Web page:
What Bouzari, co-founder of the culinary research and development company Pilot R & D, has pushed for in recent years is that sea urchin cuisine doesn't have to be particularly precious or expensive. You can have it served on half a bowl topped with espresso-cream-whipped-cream-potatoes and caviar - as in the Michelin-starred restaurant SingleThread in Healdsburg - or you can sauté it with a little onion, sausage and a day-long rice and one making dirty rice, one of Bouzari's favorite recipes. And anyone with access to the coast can have dirty rice from sea urchins on a dirty rice budget.
And so I found myself in my kitchen, covered in seaweed and purple spikes.
Harvesting sea urchins
The day before my mouth exploding episode, I stood on the beach at Timber Cove in Jenner, California, waiting while Bouzari and his friend Justin Ang, a pilot R&D product manager, paddled ashore on some surfboards.
They had spent the morning spearfishing and had come in with scallops, blue stonefish, and a giant cod - and sea urchins, of course. A one-year fishing license in California is $ 52.66, while my husband and I each paid a $ 10 "ocean extraction" fee at Timber Cove.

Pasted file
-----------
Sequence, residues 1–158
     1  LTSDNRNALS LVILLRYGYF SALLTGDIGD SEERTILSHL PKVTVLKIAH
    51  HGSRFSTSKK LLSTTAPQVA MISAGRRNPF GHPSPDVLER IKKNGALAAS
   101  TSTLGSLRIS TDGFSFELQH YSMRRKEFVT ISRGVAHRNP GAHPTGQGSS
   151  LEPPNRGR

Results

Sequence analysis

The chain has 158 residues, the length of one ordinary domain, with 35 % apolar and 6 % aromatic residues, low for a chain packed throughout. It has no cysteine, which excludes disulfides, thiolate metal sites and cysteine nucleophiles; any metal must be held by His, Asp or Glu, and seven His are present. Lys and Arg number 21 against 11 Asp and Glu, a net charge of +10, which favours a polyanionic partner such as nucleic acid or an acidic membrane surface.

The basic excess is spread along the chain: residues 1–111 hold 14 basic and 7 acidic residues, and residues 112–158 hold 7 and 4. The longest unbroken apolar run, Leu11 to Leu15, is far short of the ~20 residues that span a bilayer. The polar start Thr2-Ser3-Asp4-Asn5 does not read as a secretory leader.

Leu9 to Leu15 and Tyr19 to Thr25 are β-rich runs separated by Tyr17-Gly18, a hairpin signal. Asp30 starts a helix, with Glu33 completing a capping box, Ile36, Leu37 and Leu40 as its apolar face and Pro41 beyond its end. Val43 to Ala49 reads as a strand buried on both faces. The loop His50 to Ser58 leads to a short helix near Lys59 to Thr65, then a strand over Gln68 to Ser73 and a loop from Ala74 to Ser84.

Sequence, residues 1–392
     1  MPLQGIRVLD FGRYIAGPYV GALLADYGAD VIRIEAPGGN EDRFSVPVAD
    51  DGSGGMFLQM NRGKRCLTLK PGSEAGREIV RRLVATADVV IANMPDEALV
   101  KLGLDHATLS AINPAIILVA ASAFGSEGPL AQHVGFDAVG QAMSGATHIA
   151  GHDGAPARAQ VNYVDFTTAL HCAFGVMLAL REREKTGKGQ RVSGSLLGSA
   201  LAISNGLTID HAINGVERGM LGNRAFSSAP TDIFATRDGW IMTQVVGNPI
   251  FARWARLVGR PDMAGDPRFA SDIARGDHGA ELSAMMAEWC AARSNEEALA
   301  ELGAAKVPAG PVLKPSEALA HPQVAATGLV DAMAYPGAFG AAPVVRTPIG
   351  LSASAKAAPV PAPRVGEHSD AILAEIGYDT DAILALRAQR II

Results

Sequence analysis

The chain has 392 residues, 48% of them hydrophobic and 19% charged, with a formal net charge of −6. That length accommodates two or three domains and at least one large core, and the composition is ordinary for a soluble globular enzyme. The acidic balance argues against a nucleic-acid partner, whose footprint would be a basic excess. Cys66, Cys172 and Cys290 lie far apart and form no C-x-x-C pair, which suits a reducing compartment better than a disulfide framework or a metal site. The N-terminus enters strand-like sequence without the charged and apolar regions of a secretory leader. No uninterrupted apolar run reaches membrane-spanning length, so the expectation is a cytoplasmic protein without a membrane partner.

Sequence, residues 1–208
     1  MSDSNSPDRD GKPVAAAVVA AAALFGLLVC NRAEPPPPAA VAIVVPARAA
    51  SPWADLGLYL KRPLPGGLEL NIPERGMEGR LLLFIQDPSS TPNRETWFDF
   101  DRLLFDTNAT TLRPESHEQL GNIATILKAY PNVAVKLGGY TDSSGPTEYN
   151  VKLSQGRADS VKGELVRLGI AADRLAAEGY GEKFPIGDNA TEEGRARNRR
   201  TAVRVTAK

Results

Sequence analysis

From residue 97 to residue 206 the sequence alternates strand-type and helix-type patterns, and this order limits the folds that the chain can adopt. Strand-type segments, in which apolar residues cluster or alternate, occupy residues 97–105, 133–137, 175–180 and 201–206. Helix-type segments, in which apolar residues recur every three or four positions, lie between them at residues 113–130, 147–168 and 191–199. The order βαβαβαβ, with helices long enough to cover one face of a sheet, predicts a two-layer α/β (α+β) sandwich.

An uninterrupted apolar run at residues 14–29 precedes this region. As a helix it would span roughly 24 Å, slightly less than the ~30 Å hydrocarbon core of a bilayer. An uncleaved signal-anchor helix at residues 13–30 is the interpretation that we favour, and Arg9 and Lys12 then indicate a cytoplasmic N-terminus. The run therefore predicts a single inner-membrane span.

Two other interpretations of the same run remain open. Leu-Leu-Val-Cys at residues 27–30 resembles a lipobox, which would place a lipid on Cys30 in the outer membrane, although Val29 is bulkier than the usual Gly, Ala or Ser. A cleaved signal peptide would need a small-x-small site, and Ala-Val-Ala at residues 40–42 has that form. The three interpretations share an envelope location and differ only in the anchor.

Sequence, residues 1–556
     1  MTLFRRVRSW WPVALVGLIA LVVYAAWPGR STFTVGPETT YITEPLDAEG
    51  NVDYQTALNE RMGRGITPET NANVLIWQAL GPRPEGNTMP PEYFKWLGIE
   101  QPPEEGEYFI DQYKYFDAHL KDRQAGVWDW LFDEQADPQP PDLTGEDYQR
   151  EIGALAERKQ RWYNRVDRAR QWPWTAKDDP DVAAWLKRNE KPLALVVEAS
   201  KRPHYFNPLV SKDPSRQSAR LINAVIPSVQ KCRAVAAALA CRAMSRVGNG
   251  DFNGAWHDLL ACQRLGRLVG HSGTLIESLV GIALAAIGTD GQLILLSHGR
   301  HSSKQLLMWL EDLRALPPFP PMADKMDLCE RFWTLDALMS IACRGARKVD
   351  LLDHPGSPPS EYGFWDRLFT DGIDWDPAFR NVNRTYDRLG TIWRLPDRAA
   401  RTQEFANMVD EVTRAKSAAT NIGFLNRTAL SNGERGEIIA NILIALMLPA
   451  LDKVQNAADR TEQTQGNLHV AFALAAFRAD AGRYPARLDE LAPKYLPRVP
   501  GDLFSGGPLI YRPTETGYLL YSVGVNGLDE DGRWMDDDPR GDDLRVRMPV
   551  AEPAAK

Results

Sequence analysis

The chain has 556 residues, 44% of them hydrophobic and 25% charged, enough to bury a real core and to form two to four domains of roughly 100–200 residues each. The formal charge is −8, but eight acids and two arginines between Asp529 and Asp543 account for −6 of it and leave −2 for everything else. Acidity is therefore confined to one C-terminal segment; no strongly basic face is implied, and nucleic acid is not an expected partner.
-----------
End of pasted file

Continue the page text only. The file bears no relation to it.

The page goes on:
Bouzari came out of the water dressed like an underwater pirate, with weights around his waist like a holster and a knife on his calf. But you don't need a wetsuit or fancy gear to harvest sea urchins, he explained. At low tide on the edges of a bay, the sea urchin - a species of tide - should become visible.
Sure enough, within a minute of stepping on the rocks, I spotted my first sea urchin stuck to the side of a rock.
Sea urchins are essentially a ball of hard purple spines with five egg sacs, which we eat - in the culinary world they are described as tongues, roe, uni. I call it the tasty.
They don't have eyes or a brain, but they have mouths that they use to soak everything up in their own way, seaweed or otherwise. Bouzari calls them the "Roombas of the Ocean".
The sea urchin came off when I turned it like a doorknob. The triumph of my first harvest overtook any persistent painful sensations that arose from the prickly spines. Still, I would recommend gloves.